S&P Global Ratings says the declaration of force majeure on some LNG import cargoes by China National Offshore Oil Corp. (CNOOC, A+/Stable/–) will not affect the ratings on the company or Australian LNG exporters.
CNOOC has declared force majeure on some LNG cargoes by Royal Dutch Shell PLC, Total S.A., and Petroliam Nasional Bhd. S&P says it believes this is due to weak downstream demand and full capacity at ports, largely because of the novel coronavirus outbreak in China.
S&P forecasts that the force majeure is likely to be short-lived. The number of cargoes affected should be insignificant compared with CNOOC’s annual import of about 30 million tons. These LNG sellers are not accepting CNOOC’s force majeure, according to news reports.
However, S&P says it expects both sides to go through negotiations before arbitration. CNOOC is primarily an upstream player and the LNG business is only a small portion of its portfolio. Therefore, any potential compensation is unlikely to affect the company’s credit metrics.
The immediate credit impact of the CNOOC force majeure on Australian LNG exporters–Woodside Petroleum Ltd.(BBB+/Stable/–), Santos Ltd. (BBB-/Stable/A-3), and Origin Energy Ltd. (BBB/Stable/A-2)–is likely to be muted. Origin has an indirect exposure in the form of dividends it receives from its 37.5% ownership in the Australia Pacific LNG (APLNG).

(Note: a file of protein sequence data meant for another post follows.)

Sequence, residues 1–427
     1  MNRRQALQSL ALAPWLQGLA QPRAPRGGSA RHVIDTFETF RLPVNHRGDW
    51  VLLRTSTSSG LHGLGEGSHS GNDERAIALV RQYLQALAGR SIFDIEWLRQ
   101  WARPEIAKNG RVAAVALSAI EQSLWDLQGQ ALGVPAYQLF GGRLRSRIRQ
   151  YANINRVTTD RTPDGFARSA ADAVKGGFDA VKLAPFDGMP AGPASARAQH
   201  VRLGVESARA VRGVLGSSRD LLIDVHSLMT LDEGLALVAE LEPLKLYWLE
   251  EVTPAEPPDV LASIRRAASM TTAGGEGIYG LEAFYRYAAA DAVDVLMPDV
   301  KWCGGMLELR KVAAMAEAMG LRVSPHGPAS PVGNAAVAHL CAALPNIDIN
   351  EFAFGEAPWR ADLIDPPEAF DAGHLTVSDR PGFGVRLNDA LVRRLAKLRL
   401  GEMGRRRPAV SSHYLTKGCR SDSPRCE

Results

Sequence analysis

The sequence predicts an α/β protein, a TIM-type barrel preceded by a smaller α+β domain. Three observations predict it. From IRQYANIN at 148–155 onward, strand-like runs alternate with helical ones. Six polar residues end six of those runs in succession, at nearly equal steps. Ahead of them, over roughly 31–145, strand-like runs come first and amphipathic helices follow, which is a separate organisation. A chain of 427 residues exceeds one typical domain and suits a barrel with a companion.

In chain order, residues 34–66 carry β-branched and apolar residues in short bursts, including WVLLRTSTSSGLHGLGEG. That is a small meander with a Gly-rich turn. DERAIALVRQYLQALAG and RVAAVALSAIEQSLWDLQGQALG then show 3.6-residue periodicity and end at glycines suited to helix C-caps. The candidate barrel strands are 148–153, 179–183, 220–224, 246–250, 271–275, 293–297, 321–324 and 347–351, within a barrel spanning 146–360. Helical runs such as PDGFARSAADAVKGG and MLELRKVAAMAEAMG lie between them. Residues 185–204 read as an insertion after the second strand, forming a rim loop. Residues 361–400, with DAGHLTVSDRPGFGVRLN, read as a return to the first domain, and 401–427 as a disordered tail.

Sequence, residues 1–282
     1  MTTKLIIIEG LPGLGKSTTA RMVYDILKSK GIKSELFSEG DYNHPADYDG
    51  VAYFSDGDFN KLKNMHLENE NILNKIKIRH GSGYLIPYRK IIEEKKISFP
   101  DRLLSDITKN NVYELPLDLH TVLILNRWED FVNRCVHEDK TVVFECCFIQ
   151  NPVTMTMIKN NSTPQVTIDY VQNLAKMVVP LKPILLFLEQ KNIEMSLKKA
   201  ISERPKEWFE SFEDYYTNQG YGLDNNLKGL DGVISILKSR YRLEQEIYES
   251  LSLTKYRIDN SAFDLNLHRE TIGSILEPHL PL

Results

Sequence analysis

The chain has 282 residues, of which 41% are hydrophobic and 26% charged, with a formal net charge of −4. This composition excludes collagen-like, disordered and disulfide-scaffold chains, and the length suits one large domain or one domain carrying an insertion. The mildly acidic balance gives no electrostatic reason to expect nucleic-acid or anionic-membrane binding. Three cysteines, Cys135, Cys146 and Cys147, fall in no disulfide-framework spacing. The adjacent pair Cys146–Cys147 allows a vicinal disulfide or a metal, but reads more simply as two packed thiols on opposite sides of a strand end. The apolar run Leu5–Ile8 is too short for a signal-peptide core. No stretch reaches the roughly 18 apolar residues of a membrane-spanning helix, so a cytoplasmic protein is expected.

No Australian agreements have so far had force majeure clauses invoked. The predominant exposures of Woodside and Santos are through medium-to-long-term agreements with customers based in Japan, Korea, and Malaysia, while Origin has ties with China Petrochemical Corp. (A+/Stable/–).
In S&P’s view, the key risks to the financial profiles of Woodside and Santos would likely stem from a prolonged weakness in oil prices, given their predominant exposures to oil-linked LNG contracts. While this is also true for APLNG–and therefore indirectly for Origin–the impact on Origin would be tempered by the hedging it does at the corporate level. The disparity between LNG spot prices and long-term oil-linked contracts places additional pressure on long-term LNG contracting and re-contracting at this point in the cycle.
S&P says it also seesa downside risk for Australian LNG exporters from their direct exposure to the spot LNG market. This is given the current LNG supply glut and the flow-on risk of excess cargoes being diverted into the spot market.
“We forecast Woodside has the greatest spot exposure, at about 20% of its volumes, while Santos’ and Origin’s spot exposures (through its ownership of APLNG) are modest, at about 5% or less,” S&P stated.
“Nevertheless, we believe these Australian companies have built moderate rating buffers in recent years and can withstand near-term volatility in oil prices and cash flow.”